I’m coaching a leader who feels he’s become a nag. His team is dispersed across the globe, but even those located in the same building rarely see him because of travel. A group of dedicated professionals, they are intent on doing good work. Still, he finds that deadlines are missed, and output doesn’t meet his quality standards. He doesn’t want to be a micro-manager – he hates that idea – but he’s at a loss for how to change it up. On group conference calls everyone seems to understand the strategy and their part in it. “When I can’t pull everyone into a room and do teambuilding,” he laments, “how do I get more of what’s needed?”
In coaching, we talked about his fear of nagging. His goal was to give real accountability to others, including asking them to self-manage their time and quality. He didn’t want to babysit anyone, but he was losing patience.
This leader is complicating a simple communication issue. When teams begin to rely on technology instead of dialogue, a lot can go awry. What feels like dialogue is really just rapid volleys of messages back-and-forth. This way of pushing out messages makes us great at advocacy (stating our point of view, our needs) and weakens our ability to inquire (question and listen, explore, reflect together). His group conference calls were tightly managed for efficiency, so while everyone had a change to speak, they seldom asked important questions or diverged from current issues.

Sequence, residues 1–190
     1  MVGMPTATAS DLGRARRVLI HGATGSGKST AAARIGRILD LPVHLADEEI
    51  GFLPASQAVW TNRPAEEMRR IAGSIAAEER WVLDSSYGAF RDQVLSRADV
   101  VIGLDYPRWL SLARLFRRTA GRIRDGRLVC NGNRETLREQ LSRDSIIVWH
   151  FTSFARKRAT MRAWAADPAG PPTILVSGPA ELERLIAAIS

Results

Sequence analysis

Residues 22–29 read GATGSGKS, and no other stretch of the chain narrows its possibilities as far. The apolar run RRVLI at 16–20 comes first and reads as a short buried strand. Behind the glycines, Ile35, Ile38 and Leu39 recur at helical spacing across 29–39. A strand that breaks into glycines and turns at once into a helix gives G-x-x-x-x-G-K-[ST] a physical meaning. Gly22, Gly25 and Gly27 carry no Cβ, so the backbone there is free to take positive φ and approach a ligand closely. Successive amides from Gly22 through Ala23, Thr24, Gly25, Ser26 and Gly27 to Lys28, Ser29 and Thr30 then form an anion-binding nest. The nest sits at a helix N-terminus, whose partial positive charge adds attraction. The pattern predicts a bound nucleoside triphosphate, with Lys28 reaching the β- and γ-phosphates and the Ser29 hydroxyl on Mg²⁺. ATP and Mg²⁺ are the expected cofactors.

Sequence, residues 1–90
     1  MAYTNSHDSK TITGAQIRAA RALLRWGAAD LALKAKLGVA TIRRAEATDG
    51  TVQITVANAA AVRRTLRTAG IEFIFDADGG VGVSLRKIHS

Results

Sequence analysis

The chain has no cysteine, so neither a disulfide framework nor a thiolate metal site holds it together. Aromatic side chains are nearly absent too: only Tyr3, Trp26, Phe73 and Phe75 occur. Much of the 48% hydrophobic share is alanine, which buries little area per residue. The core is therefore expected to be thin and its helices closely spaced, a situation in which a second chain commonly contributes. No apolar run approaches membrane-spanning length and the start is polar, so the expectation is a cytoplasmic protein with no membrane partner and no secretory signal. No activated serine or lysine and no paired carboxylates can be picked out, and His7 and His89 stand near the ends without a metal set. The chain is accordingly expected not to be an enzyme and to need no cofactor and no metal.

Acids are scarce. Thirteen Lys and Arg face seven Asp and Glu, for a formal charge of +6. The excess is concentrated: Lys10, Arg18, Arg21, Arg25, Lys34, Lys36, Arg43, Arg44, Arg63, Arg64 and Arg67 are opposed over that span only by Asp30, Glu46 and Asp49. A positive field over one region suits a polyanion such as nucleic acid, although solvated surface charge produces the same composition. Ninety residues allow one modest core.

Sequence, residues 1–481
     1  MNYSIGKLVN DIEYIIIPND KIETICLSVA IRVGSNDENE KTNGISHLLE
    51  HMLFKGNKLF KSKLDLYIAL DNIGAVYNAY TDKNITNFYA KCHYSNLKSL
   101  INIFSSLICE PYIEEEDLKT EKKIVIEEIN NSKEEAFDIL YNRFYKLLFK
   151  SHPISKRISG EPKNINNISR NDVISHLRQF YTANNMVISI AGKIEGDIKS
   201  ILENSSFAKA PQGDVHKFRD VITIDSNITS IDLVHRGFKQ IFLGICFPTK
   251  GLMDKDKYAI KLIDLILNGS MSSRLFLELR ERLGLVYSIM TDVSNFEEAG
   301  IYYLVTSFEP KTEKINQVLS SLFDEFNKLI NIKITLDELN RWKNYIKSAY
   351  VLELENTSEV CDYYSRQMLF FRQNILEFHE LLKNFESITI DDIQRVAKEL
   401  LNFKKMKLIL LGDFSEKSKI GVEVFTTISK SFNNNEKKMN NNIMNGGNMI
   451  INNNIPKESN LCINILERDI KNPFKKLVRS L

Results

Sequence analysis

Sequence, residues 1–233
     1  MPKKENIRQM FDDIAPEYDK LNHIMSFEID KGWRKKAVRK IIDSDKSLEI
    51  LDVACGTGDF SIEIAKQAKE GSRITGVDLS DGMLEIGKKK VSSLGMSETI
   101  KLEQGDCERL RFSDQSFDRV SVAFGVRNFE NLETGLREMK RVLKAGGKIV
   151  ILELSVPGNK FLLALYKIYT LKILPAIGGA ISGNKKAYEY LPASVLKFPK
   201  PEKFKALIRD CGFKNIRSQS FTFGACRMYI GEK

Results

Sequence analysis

The new habit, which he began to practice, and which spread across the team, was to create a “give and take” kind of dialogue about the work. It meant changing efficient demands to requests and waiting to hear back on confirmation of agreement. Together, he and the team decided to talk more openly and often about work challenges.
What organizational ground rules changed? Simple requests would continue to be made via remote communication channels. But always ending with, “please let me know if I’ve been clear and if this will work for you.” No more assuming that sent meant received. Asking others to agree – even if it was part of their job.
More complicated requests must be done voice-to-voice, phone, Skype or ideally in person. This is a non-confrontational dialogue. Both people are expected to unpack and explore the expectations and agreements. Questions are welcomed, and no one is made to feel stupid. The leader, aware of the power imbalance, took on the responsibility of keeping others safe, and started saying often: “What would enable you to deliver this?” and even more directly, “Please tell me if I am being unreasonable.”